So what movies have really scared us?  The Exorcist is often cited as the scariest movie ever filmed.  And it is, for someone who does not know the power of Jesus that is available to believers.  A simple movie about mountain climbing scares people who are afraid of heights.  Many things scare us on personal levels, and these cannot be objectively evaluated.  Bumblebees don't scare most people, they are slow, passive, and even sort of cute.  But if you've ever had one get caught in your bangs, you tend to have a troubling view of them.
The Skull in our display.  (And a shameless plug for our books.)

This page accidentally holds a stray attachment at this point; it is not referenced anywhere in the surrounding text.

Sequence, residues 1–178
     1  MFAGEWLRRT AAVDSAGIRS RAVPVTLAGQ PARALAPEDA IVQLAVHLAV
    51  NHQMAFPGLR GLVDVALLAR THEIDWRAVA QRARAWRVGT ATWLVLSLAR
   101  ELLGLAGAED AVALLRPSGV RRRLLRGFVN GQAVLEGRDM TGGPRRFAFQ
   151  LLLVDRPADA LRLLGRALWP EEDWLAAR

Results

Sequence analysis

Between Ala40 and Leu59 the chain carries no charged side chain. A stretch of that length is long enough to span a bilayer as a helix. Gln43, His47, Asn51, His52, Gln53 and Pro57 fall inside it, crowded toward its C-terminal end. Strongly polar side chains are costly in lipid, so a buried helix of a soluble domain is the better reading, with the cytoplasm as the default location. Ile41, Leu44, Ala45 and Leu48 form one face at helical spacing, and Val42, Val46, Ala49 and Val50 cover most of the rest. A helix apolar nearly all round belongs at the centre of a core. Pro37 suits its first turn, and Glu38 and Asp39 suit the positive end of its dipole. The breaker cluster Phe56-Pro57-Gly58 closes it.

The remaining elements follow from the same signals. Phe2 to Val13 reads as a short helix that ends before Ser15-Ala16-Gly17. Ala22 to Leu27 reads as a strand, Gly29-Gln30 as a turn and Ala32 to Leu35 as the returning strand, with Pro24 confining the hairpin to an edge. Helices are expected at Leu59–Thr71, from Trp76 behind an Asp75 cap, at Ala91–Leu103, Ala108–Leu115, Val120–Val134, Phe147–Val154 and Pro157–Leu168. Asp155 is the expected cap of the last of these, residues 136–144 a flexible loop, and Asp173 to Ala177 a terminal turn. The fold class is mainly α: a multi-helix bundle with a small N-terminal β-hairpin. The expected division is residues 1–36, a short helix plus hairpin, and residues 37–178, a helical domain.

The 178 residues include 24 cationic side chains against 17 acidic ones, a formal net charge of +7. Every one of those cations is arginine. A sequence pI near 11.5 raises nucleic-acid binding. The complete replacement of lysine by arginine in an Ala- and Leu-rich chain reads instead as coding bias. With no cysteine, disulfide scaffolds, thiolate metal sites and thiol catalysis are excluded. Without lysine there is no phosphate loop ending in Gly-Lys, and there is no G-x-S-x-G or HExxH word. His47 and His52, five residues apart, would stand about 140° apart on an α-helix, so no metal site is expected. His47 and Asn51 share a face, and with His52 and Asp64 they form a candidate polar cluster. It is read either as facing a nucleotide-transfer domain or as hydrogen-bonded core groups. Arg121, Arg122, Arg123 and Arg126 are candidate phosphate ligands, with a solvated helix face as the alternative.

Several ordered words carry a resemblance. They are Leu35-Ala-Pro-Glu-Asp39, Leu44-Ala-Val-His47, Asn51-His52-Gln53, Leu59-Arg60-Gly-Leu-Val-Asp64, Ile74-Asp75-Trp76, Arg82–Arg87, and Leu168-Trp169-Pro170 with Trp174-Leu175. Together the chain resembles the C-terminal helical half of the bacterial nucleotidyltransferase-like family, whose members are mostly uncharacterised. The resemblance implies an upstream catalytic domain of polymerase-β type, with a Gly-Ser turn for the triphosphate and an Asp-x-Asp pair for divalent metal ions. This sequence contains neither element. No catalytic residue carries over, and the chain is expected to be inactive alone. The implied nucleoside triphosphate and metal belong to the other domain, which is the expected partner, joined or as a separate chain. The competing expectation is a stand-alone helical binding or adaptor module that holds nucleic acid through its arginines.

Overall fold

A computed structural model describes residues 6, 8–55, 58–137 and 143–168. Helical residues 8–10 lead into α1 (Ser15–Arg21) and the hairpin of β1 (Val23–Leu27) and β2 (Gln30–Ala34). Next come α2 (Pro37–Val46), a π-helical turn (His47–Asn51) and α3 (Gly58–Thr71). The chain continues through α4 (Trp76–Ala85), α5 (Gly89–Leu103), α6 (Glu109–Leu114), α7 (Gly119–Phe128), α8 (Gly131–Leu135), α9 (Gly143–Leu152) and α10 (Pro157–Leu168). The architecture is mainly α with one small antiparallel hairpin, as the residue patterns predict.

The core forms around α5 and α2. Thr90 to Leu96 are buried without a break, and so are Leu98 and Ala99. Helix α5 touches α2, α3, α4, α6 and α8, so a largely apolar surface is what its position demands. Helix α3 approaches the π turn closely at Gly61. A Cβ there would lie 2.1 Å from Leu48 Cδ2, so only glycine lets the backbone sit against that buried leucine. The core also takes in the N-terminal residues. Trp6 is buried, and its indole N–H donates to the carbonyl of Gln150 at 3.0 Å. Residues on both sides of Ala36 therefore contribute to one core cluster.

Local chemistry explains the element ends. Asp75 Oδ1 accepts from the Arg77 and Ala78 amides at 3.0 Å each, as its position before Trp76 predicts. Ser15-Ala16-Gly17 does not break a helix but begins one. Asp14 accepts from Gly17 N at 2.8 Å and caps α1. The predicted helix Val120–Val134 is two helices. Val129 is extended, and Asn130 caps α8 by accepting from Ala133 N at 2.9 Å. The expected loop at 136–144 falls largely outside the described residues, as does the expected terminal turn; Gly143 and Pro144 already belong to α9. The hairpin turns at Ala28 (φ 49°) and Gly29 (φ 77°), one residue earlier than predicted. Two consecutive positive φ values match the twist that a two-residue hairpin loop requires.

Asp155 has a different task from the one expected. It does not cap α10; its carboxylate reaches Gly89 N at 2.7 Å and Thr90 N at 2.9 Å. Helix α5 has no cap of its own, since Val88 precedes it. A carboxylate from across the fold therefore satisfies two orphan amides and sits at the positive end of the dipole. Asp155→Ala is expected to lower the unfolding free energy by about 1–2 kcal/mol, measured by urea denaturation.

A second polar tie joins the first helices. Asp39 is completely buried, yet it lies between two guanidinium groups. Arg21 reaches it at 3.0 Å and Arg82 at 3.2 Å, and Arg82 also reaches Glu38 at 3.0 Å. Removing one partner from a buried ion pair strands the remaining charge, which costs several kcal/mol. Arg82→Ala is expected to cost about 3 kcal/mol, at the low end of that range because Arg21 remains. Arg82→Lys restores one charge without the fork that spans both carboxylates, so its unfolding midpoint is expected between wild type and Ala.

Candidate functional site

Skulls don't scare me.  We were in the Paris Catacombs with millions of them and they never bothered me.  I find them fascinating, since we all have one.  In fact, we all have one that we will never get to see.  I just think that's weird.  But during a book festival, when we had a fairly realistic skull sitting on the table, a surprising number of people shied away from it, asking if it was real as they recoiled from it as if its jaw might suddenly open wide as it prepared to eat them.  I was actually shocked to see their reactions.  One lady, her eyes as big as the empty sockets on the skull, her head shaking back and forth like a bobble-head skeleton, answered my question "do you like ghost stories?" with the simple answer "no, no, no, no, no..."  Okay, so skeletons scare her.  Maybe one of them fell on her in a science lab once.  I dunno.
Julie Harris learns what it means to be afraid in 1963's The Haunting